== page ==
Downing Street has shaken-up the way it deals with the media - with Alastair Campbell's replacement wielding much less power.
David Hill will not enjoy the same powers granted to Alastair Campbell
The changes follow the recommendations of an independent review group, which says there has been a "three-way breakdown in trust between government and politicians, the media and the general public".
It comes as former Labour press officer David Hill is confirmed as Tony Blair's new communications director in place of Mr Campbell.
Mr Hill will not have the same powers over civil servants as his predecessor and will instead head the "political aspects" of Downing Street's media strategy.
A new senior official spokesman for the prime minister will be appointed to handle the civil service parts of links with journalists, said Downing Street.
The new spokesman will be deputy to a new permanent secretary at the Cabinet Office.
At present, there are two official spokesmen - Godric Smith and Tom Kelly, although Mr Smith has said he is to leave the role.
As the review of communications continues, Mr Blair has asked the review group to consider whether Downing Street spokesman should give White House-style media briefings on live television.
Downing Street also announced a range of changes to the backroom policy team.
Geoff Mulgan, head of the strategy unit and a founder of the Demos think-tank is to be new Downing Street head of policy.
Andrew Adonis, former head of the policy unity, is to be the Prime Minister's senior political adviser on education, public services and constitutional reform.
Matthew Taylor, formerly of Institute of Public Policy Research, will join the policy directorate on secondment to lead responsibility for policy planning for the next parliament.
Jo Gibbons, a former Labour party press officer joins Sally Morgan's team looking after events and visits. Pat McFadden is the new director of political operations.
Downing Street sources say the shake-up in the way the communications team works is not a response to the departure of Alastair Campbell or the Hutton inquiry.
They say it is the result of a review of government communications led by the newspaper executive Bob Phillis, which has been accepted in full.
The review group says research and other evidence suggests the way the media have responded to a more proactive government communications strategy has led to a culture of claim and counter claim.
"This adversarial relationship between government and the media has resulted in all information being mistrusted when it is believed to have come from 'political' sources," says its report.
"The public now expects and believes the worst of politicians and government, even where there is strong objective evidence in favour of the government's position."
A culture change from politicians, civil servants and the media is needed to restore trust, it argues.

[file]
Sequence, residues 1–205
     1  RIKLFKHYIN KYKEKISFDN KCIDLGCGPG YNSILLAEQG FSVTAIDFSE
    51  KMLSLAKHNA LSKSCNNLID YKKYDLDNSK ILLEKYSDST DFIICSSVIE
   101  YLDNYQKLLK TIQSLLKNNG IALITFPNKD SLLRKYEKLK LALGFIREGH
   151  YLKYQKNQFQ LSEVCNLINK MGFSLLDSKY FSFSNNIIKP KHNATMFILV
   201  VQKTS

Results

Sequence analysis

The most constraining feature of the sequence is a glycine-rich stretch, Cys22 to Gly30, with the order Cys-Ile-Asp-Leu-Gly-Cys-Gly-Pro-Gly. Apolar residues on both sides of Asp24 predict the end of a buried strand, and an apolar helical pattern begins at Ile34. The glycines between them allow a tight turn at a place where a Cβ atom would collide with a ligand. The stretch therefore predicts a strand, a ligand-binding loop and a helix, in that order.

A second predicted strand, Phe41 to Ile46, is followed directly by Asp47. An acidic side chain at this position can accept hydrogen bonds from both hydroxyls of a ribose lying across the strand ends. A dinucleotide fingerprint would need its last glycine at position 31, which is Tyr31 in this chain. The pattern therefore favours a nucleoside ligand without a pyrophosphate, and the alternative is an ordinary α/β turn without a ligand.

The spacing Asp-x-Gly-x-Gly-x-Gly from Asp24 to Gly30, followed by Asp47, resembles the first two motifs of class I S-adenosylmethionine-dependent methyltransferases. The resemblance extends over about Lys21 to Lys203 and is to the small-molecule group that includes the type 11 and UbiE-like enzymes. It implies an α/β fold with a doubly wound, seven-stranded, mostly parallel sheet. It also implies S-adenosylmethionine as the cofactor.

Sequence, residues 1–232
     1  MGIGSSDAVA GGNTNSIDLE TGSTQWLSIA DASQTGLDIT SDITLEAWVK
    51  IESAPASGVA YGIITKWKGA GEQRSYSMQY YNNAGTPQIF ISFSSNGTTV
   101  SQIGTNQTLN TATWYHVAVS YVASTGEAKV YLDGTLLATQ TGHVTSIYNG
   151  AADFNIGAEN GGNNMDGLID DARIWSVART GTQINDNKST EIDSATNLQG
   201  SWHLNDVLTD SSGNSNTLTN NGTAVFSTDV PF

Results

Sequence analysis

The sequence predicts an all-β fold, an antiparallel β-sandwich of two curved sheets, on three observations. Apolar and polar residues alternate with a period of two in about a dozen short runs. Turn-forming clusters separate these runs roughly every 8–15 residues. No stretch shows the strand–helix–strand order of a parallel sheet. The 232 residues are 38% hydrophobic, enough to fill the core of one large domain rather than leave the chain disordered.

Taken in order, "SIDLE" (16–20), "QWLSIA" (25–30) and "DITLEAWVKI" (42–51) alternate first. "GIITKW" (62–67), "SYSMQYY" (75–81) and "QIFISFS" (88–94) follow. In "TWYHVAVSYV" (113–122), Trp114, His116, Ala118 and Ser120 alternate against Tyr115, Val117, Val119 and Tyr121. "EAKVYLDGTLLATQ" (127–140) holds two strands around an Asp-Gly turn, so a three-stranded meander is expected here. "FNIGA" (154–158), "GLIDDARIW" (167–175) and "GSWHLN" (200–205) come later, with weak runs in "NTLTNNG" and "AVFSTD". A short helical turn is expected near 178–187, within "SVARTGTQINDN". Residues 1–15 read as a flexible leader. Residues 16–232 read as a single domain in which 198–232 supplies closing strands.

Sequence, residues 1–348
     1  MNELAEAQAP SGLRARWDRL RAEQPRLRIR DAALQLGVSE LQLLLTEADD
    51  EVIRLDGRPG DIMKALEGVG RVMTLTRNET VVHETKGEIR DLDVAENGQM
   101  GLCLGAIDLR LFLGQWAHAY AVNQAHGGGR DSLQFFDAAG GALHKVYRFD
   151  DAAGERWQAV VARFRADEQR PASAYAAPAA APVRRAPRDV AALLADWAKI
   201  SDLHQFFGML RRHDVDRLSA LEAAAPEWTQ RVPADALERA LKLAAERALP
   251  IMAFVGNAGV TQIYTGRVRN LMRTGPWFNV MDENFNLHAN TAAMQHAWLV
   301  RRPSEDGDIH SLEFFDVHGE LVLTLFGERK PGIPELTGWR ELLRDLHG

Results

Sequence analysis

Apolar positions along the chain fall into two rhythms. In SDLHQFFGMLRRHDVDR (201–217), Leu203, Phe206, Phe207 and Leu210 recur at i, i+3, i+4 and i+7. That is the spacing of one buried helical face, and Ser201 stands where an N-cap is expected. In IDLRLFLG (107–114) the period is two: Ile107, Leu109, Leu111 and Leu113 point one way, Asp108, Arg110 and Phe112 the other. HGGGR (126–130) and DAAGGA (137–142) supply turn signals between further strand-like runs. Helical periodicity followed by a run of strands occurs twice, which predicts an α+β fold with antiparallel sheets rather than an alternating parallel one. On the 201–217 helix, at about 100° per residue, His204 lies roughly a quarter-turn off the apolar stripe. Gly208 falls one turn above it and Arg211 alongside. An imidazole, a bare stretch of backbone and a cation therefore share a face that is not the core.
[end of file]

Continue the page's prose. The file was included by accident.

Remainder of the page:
The review came after the controversy over Jo Moore, the transport special adviser who suggested 11 September 2001 was a good day to bury bad news.
The group says that episode showed there was potential for confusion between the roles of impartial civil servants and political appointed special advisers.
Among the group's other findings are:
More emphasis should be put on local and regional communications to re-engage the public
Civil servants can present and defend government policies but explaining ministers' underlying political thinking is the preserve of special advisers
- Communications at Number 10 are under-resourced
The changes are partly designed to convince a sceptical public that media relations are now being played free of spin.
The new permanent secretary at the Cabinet Office will "focus on a strategic approach to communications across government", says Number 10.
Mr Phillis' review group has so far only produced an interim report.
The prime minister wants it to take account of any recommendations which arise out of the Hutton inquiry into the death of Dr David Kelly.
And he is asking it "to reflect further on its view that the media too has a responsibility for balancing the need to ensure that the adversarial relationship does not become a barrier to public understanding of government and politics".
Conservative shadow cabinet minister David Willetts hoped the changes would cut the government's obsession with spin.
But he told BBC News 24: "My fear is that spin so fundamental to the way Tony Blair conducts his politics and to the style of the government...
"Only under Labour could they spin the end of spin, which is what we have had today."
Liberal Democrat frontbencher Simon Hughes said the changes were in the right direction.
It was clearly best for an impartial civil servant to be in charge of government communications, argued Mr Hughes, but ministers had also to take responsibility for giving the public the truth.
Jonathan Baume, general secretary of the First Division Association of senior civil servants the announcement would help restore trust.
"That is important not just for the prime minister and the government but also for British politics as a whole."